This collection of essays looks at cultural transfers and comparisons between English and French intellectuals. The contributions, which have been written by scholars from a variety of disciplines, address a broad range of issues, including the international circulation of economic, political and literary ideas, the translation and reception of authors in various contexts, and the contest for ‘Englishness’ or ‘Frenchness’ both at home and abroad. The Anglo-French relationship is used here as an entry into the conflicting demands that intellectual life should be trans-national and cosmopolitan, and that intellectuals should be the representatives of the national mind. The conversations, disputes and silences between English and French intellectuals were once believed to be at the centre of the international republic of letters. By the end of the nineteenth century, however, the rise of new cultural powers re-shaped Anglo-French intellectual attitudes.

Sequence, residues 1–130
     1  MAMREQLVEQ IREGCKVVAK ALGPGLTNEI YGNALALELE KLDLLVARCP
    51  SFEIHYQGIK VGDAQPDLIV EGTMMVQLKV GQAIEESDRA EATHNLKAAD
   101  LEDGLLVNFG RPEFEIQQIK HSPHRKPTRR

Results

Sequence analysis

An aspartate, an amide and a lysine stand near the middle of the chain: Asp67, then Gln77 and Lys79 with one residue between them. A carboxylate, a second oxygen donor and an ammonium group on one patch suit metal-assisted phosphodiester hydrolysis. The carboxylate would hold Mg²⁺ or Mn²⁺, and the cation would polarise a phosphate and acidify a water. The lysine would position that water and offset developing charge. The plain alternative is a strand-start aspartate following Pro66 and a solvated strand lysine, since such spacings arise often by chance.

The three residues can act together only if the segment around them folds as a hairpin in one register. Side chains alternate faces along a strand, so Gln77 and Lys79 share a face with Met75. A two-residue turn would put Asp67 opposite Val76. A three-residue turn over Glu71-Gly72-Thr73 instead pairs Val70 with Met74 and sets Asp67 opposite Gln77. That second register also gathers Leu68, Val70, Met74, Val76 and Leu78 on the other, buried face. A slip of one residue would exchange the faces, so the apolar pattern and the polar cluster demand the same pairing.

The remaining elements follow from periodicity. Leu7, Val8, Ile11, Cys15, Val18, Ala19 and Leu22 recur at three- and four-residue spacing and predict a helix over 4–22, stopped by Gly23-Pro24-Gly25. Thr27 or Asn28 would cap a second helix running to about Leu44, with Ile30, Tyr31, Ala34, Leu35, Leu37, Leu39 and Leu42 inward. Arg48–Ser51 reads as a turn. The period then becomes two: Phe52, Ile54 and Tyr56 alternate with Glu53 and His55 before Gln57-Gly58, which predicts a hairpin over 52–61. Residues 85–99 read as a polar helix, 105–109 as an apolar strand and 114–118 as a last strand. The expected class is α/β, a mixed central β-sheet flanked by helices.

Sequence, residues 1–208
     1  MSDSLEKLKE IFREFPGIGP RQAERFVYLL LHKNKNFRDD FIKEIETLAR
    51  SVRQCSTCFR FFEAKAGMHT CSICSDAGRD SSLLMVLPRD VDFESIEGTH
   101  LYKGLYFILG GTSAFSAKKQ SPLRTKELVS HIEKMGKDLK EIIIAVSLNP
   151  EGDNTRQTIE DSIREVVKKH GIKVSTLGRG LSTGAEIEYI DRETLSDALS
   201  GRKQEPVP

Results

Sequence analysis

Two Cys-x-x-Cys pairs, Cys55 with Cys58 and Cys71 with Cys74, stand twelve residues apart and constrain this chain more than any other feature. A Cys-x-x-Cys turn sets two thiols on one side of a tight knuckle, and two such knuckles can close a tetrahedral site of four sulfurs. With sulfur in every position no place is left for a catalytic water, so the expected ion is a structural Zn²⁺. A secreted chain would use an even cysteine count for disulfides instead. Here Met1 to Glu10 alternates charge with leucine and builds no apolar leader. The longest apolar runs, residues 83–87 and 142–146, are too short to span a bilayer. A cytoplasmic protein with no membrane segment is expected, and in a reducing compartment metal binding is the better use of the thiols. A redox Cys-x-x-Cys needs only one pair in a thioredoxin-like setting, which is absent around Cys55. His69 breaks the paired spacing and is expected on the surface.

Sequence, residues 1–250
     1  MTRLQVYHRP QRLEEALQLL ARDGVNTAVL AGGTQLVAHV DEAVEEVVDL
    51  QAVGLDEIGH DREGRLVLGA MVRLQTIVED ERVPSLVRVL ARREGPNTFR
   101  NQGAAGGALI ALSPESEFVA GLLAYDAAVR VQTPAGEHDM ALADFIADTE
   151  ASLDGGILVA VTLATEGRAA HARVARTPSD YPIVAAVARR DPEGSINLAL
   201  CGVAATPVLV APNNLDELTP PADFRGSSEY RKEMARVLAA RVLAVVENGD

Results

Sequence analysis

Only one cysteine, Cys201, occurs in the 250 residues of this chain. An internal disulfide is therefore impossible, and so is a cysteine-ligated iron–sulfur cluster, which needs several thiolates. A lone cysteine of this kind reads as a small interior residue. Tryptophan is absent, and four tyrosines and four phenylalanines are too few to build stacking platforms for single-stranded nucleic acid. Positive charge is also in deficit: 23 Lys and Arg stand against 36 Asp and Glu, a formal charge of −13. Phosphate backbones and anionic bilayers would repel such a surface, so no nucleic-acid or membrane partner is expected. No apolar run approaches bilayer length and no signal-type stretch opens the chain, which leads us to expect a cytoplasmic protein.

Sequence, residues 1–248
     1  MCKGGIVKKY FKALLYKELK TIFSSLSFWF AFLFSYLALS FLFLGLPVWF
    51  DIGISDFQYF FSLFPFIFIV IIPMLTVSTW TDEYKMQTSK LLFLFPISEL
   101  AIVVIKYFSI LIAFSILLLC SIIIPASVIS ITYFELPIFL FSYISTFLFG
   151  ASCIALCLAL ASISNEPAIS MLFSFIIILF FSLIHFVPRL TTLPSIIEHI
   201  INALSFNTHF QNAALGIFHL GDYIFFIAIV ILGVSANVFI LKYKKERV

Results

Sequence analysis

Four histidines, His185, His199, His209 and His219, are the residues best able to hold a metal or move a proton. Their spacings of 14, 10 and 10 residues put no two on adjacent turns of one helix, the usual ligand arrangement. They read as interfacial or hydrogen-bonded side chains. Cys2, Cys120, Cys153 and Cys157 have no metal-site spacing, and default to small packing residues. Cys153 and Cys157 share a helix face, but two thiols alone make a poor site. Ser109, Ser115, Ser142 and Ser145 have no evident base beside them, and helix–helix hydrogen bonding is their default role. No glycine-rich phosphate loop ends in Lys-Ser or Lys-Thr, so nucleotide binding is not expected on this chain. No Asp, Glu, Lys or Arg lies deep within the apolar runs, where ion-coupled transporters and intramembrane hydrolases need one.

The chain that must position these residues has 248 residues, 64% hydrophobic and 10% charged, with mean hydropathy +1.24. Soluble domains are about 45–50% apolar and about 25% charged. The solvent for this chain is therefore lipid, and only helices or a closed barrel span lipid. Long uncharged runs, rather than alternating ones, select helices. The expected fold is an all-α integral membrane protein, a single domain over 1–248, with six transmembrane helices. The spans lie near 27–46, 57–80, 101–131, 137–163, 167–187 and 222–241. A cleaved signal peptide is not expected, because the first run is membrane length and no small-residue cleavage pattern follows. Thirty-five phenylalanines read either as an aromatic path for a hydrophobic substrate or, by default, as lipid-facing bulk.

Anglo-French attitudes will be read by scholars working in the areas of cultural history, intellectual history, gender studies, the social history of intellectuals, history of science, and literature.